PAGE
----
This is one of my all time favorite albums and an instant classic. So what could take the number one spot for 2005?
1. Bear Vs. Shark – Terrorhawk
Bear Vs. motherfucking Shark. Of course this is the number one album of 2005. Have you heard this thing? This is some next level shit. BVS levels mountaintops. If Commit This to Memory was perfect, then Terrorhawk is is a goddamn masterpiece. “Catamaran”? C’mon son. “5, 6 Kids”? Can’t touch it. When I was putting together this list, Dylan asked me “So, Terrorhawk was the best album of 2005 right?” Fuck yes it was.
In fact I’m gonna let him tell you how good this album is:
(Dylan put your motherfucking rant here)
How crazy is this shit? How is music like this even possible? Who brings together Motown catchyness, off-kilter Fugazi power and intense weirdness of At the Drive-In? How much of a shame was it that this album came out amidst releases from Equal Vision scene fodder like Chiodos and Armor for Sleep? This album was being advertised next to stuff like 30 Seconds to Mars and Hawthorne Heights when I was trawling for music on Purevolume. I associated this album with some of the worst music to come out during my youth for years. How different would my life have been had I clicked on of those banner ads? This album broke my brain when I finally gave BVS a shot. It was like hearing Zen Arcade for the first time again! You don’t get moments like that often.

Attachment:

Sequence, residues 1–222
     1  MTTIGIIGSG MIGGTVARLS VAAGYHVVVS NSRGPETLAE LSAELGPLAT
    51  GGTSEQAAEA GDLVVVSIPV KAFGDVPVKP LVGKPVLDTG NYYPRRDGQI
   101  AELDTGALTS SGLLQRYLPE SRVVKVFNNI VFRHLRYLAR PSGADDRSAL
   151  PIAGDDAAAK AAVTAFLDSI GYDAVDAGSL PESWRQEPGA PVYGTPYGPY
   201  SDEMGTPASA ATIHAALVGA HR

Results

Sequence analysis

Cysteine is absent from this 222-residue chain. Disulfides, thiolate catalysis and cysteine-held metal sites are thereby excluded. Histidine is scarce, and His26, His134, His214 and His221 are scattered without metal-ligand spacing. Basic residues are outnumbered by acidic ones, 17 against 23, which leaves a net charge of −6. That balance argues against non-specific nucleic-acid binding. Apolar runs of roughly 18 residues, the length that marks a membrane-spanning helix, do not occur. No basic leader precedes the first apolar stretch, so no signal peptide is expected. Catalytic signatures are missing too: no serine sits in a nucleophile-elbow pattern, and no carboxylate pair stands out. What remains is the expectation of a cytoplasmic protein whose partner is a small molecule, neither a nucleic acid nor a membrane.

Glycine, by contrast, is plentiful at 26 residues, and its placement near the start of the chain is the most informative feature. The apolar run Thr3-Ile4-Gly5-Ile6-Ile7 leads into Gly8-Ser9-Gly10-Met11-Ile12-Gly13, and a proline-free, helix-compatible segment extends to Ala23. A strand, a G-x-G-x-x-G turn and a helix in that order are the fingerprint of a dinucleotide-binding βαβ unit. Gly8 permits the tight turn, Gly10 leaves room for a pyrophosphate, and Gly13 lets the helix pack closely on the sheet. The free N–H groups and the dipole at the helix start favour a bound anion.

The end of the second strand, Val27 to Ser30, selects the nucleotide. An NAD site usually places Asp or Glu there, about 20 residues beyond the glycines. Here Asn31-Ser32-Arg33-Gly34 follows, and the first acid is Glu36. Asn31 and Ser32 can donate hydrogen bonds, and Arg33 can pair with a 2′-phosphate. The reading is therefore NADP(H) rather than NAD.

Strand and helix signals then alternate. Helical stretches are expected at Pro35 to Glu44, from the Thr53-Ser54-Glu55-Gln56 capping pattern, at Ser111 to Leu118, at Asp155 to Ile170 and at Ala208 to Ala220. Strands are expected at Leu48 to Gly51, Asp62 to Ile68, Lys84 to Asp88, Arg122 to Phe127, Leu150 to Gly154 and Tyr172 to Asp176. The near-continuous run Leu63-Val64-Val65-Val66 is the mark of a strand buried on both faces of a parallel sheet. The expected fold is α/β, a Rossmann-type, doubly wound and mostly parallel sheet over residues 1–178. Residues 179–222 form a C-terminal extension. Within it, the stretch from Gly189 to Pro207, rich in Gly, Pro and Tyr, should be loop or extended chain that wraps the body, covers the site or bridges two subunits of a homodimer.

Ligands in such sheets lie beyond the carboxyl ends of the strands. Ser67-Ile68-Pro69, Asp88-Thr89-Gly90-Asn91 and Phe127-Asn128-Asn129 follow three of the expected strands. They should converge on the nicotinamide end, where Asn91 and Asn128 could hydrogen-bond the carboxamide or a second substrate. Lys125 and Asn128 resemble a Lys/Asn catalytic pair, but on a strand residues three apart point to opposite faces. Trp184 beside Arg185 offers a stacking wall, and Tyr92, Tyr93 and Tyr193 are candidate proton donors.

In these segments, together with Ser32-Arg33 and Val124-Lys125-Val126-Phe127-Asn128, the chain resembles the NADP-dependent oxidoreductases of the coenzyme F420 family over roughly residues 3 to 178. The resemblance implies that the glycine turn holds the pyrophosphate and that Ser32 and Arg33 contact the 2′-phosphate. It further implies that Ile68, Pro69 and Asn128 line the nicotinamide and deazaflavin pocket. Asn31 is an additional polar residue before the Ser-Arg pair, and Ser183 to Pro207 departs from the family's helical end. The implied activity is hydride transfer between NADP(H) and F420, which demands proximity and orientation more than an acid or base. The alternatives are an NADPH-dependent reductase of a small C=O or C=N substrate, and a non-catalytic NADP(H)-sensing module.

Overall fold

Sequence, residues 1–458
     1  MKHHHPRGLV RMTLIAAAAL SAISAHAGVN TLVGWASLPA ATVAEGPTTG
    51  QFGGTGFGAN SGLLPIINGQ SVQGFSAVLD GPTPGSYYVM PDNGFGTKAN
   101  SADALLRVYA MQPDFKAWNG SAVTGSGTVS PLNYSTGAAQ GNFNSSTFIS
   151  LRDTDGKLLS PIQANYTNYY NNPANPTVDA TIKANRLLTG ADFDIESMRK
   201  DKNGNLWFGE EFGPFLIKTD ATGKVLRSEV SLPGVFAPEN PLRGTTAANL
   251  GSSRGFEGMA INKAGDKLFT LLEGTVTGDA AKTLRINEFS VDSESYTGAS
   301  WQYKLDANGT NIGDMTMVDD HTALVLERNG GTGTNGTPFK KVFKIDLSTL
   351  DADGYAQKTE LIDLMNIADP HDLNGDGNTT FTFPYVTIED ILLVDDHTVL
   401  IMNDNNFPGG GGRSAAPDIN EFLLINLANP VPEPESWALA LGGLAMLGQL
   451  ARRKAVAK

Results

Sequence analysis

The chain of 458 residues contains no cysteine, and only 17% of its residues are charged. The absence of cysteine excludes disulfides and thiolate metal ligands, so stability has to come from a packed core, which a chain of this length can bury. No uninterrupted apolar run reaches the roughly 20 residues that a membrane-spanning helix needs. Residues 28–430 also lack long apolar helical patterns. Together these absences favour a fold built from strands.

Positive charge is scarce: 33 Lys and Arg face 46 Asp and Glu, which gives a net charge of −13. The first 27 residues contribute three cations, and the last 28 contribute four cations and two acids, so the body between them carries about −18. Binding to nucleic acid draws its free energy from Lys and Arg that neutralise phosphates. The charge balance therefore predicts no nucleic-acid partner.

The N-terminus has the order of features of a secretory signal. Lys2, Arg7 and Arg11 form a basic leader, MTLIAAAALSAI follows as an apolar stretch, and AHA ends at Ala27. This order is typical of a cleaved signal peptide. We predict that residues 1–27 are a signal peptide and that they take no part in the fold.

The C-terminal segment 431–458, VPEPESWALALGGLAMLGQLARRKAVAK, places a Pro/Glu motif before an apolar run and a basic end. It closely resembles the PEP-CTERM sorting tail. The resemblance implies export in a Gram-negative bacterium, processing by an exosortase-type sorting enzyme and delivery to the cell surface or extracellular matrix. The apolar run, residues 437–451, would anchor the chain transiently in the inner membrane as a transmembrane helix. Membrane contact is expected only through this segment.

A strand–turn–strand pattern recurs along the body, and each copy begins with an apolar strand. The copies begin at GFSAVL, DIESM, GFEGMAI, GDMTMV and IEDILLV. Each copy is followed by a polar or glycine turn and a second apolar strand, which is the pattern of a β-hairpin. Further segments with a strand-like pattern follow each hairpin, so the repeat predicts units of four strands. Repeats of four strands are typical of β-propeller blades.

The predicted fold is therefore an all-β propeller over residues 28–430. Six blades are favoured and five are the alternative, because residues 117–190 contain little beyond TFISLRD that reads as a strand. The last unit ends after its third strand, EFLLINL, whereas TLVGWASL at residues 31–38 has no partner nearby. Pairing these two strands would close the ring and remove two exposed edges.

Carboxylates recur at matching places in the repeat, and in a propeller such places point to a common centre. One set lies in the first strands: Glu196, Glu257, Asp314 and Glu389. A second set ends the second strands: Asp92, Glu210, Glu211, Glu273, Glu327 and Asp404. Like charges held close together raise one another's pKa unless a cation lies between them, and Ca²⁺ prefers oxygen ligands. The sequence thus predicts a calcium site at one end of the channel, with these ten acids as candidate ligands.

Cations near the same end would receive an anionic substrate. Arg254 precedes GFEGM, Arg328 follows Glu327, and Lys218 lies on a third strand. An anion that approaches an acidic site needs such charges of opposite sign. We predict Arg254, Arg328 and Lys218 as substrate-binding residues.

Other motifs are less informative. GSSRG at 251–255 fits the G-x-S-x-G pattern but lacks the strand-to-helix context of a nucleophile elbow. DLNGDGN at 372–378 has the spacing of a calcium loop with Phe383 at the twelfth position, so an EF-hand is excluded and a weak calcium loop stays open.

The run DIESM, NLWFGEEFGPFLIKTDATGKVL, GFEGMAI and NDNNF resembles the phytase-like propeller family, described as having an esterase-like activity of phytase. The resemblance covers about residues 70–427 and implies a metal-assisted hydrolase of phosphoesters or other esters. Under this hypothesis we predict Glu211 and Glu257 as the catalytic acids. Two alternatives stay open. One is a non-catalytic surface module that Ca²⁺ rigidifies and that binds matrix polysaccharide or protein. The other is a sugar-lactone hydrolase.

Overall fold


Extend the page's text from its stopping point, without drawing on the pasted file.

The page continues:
Marc Paffi sounds like a demon possessed Springsteen, like Bob Mould at his most heart-wrenching, like Ian Mackaye at his most frantic. There’s weird electronic blurps, saxophone honking, keyboards, blasts of feedback and grainy background scream therapy. Still it maintains focus, it isn’t just rampaging intensity, there are beautiful slow moments through out. “I Fucked Your Dad” has a sweet Clash-y melody and requisite dub effects and songs like “What a Horrible Night for a Curse,” “Baraga Embankment” and “Song About Old Roller Coaster” could go toe to toe with anything Cursive ever released while at times pushing out Neurosis’ slab-like but triumphant heaviness. Stripped of all the layers and little details you would still be left with meticulously crafted songs, wonderful but weird introspective lyrics, bouncing post-punk bass lines and the Brendan Canty-ist drumming this side of The Argument. “Sink your teeth in on the deep end of faith…”
See? What’d I tell you? Why haven’t you gone to listen to it yet?